Four years ago I was delighted to become one of the first ambassadors for Jean Hailes’ Women’s Health Week. I am still so proud to be involved, helping to promote the importance of good health.
Growing up, sport was a natural part of our family life. I played netball, participated in little athletics, swimming – even touch footy. My Dad was a professional runner and Mum played netball too so if we weren't at sport, we were watching our parents play.
My childhood was pretty idyllic until the awful day when my beloved Dad suffered a heart attack and passed away at the age of 51. A few years later, Mum was diagnosed with breast cancer at age 50 following a routine mammogram. Thankfully she beat it and is still doing well today.
I have a lot to watch out for in my yearly health checks, so it’s important I stay fit and healthy.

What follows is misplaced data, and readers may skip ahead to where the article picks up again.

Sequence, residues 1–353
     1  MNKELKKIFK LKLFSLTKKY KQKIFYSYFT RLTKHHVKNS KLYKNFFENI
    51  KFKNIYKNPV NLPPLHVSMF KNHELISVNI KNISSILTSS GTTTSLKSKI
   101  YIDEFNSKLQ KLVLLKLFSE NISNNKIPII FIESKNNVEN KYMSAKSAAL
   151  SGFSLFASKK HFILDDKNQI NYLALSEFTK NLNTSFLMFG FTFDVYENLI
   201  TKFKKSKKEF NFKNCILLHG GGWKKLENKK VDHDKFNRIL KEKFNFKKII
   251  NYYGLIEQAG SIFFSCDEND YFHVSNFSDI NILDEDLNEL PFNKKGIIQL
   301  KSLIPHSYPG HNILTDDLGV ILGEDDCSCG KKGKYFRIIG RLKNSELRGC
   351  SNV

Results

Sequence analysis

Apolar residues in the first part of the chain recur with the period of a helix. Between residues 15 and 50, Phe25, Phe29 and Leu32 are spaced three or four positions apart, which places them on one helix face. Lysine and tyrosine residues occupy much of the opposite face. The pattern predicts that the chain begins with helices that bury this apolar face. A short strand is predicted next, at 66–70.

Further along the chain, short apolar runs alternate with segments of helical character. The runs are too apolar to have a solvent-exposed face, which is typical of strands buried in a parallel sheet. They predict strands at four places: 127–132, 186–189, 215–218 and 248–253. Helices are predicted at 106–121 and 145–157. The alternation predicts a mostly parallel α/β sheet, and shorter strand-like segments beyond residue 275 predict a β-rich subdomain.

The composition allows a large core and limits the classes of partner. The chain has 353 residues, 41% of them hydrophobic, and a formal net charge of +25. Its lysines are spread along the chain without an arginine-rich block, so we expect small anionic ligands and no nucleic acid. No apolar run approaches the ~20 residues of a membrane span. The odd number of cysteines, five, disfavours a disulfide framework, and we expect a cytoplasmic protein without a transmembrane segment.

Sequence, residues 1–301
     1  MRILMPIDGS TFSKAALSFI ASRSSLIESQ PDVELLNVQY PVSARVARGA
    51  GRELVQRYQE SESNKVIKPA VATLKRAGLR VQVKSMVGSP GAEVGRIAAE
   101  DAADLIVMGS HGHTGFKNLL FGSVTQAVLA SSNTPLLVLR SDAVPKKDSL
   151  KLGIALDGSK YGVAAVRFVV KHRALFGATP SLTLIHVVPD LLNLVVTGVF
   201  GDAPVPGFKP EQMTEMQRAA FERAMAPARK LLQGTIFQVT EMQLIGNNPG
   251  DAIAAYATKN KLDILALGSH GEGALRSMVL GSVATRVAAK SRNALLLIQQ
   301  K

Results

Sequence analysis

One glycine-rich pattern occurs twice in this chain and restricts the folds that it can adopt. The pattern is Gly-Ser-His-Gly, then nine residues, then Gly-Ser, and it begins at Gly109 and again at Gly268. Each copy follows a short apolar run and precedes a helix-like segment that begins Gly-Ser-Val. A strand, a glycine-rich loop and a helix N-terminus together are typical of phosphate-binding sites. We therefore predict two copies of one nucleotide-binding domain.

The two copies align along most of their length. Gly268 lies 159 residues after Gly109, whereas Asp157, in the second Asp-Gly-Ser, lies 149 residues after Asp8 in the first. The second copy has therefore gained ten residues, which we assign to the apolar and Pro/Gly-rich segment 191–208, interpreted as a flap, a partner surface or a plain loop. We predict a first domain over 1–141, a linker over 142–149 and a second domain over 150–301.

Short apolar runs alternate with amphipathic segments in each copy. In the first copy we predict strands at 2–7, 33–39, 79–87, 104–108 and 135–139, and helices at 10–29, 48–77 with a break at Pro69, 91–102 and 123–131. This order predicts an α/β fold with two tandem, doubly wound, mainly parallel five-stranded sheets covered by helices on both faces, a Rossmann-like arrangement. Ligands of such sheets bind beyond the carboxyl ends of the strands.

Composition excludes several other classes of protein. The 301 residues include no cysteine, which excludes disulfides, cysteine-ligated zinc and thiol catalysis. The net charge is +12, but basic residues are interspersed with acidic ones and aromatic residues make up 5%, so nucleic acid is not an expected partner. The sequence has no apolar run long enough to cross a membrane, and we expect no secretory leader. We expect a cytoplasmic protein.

I have suffered from endometriosis, which, as well as being extremely painful, made conceiving my beautiful son Taj that much harder for my husband Steven and I.
My family’s wellbeing is so important to me and, as an Indigenous woman, I am equally passionate about tackling the appalling health and life expectancy statistics of Aboriginal and Torres Strait Islander people. As an ambassador for Jean Hailes and Women’s Health Week, I feel I can be part of the solution by encouraging Indigenous women to take the time to put their health first.
You can put your health first too by being part of this year’s Women’s Health Week from 3-7 September. It’s fun and free. Please sign up!